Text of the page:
cases in metastatic tumors.25 Studies in vitro and in mouse
models have shown that enforced KIT expression in
melanoma cell lines decreases both tumorigenicity and metastases.26,27 Since loss of KIT seems to be associated with malignancy in melanocytic neoplasia, tyrosine kinase inhibitors are
unlikely to be of therapeutic benefit in metastatic melanoma.
Interestingly, we found no KIT-positive cases of clear cell
sarcoma, although a previous study reported tumor staining for
KIT in nearly 50% of such cases.1 These discrepancies might
be attributable to the different commercially available
In this study, we found immunohistochemical staining
for KIT in a very limited number of soft tissue tumors. In the
majority of positive cases, KIT staining was focal. In
contrast, GISTs typically show diffuse and generally strong
staining for KIT, usually in a cytoplasmic distribution with or
without dot-like accentuation. We used the rabbit polyclonal
antibody A4502 (DAKO), which has shown consistent
performance with low background in our hands. More than
35 consecutive GISTs found to overexpress KIT by immunohistochemical analysis in our laboratory using this antibody
have been confirmed to express KIT by immunoblotting
(J.A. Fletcher, MD, verbal communication, 2001), and, thus,
we have gained confidence with this antibody in more than
400 GISTs that we have examined during the past 3 years
(unpublished data). We have been unable to achieve reproducible or consistently interpretable immunohistochemical
results with commercially available KIT antibodies used in
some other laboratories, although we are aware that others
have had more success.1 However, for the purposes of this
study, we selected the A4502 polyclonal antibody based not
only on our personal experience but also because it seems to
be the most widely used KIT antibody and because it is the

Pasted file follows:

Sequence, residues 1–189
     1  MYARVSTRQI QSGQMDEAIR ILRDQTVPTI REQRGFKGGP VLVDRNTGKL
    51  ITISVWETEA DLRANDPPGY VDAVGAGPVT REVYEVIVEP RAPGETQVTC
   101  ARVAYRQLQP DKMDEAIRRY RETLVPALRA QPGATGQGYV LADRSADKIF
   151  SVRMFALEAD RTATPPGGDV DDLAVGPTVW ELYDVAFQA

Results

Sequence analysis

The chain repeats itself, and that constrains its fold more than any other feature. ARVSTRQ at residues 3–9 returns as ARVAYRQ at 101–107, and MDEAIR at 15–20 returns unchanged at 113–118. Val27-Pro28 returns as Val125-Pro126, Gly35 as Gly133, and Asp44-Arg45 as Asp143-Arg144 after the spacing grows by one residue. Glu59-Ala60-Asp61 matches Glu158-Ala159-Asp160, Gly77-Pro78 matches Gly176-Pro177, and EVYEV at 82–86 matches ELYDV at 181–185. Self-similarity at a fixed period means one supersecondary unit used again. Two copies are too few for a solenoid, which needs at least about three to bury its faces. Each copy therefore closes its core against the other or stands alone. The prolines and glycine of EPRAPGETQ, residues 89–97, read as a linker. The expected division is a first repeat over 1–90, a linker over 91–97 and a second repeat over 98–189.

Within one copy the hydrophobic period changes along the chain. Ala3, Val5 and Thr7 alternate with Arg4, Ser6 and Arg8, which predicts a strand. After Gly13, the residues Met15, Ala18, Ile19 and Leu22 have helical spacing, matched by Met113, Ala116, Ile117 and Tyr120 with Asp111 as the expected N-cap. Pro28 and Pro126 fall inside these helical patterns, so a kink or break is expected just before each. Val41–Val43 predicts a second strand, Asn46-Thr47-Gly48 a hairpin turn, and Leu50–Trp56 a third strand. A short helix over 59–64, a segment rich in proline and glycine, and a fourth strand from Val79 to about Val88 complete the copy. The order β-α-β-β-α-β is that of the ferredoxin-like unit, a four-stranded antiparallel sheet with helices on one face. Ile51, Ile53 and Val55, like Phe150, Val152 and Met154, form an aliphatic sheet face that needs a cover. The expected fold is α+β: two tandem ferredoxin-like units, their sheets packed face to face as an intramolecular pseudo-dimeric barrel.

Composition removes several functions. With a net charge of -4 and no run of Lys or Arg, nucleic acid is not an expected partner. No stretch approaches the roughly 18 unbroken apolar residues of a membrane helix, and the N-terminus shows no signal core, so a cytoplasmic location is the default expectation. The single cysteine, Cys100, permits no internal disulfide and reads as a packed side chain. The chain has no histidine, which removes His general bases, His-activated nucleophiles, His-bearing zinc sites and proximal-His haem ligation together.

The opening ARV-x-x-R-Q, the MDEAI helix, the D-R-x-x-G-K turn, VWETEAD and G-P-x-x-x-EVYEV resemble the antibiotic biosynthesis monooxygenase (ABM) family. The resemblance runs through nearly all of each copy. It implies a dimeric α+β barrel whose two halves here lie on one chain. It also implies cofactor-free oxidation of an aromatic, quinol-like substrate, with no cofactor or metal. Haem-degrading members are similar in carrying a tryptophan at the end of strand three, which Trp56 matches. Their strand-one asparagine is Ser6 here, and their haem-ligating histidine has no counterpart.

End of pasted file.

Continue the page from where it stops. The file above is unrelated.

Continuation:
antibody specified in the ongoing large cooperative clinical
trials of STI571. Therefore, in the interests of practicality
© American Society for Clinical Pathology
Am J Clin Pathol 2002;117:188-193
Hornick and Fletcher / KIT IN SOFT TISSUE SARCOMAS
polyclonal antibody used in these other series, which, in our
personal experience, is more often associated with high background (and, hence, false-positive) staining.
We found KIT immunostaining in 20% of Ewing
sarcoma/MPNET cases, which again is approximately half
the frequency reported in a recent series.21 The ligand for
KIT, stem cell factor, has previously been shown to protect
MPNET and Ewing sarcoma cell lines from apoptosis in
vitro.28 A recent study in a mouse model, however, reported
a decrease in the metastatic rate of Ewing sarcoma cells
following pretreatment with stem cell factor.29 These preliminary experiments suggest that KIT may have a role in the
malignant phenotype of these tumors. Whether KIT
inhibitors might provide therapeutic benefit to the subset of
patients with Ewing sarcoma/MPNET whose tumors show
immunoreactivity for KIT remains to be determined.
Despite a previous report of several cases of dermatofibrosarcoma protuberans that showed focal reactivity for
KIT,1 in our hands, no cases of dermatofibrosarcoma protuberans were positive for KIT, including higher grade
fibrosarcomatous cases. Of 20 cases of desmoid fibromatosis, we found focal weak KIT immunostaining in only 1
case. Our results differ strikingly from a recent report that
described KIT staining in 75% of intra-abdominal desmoid
tumors.22 Interestingly, we used the same antibody as these
authors; however, we used no pretreatment, whereas they
performed heat-induced antigen retrieval for KIT immunostaining. The pretreatment conditions used by these authors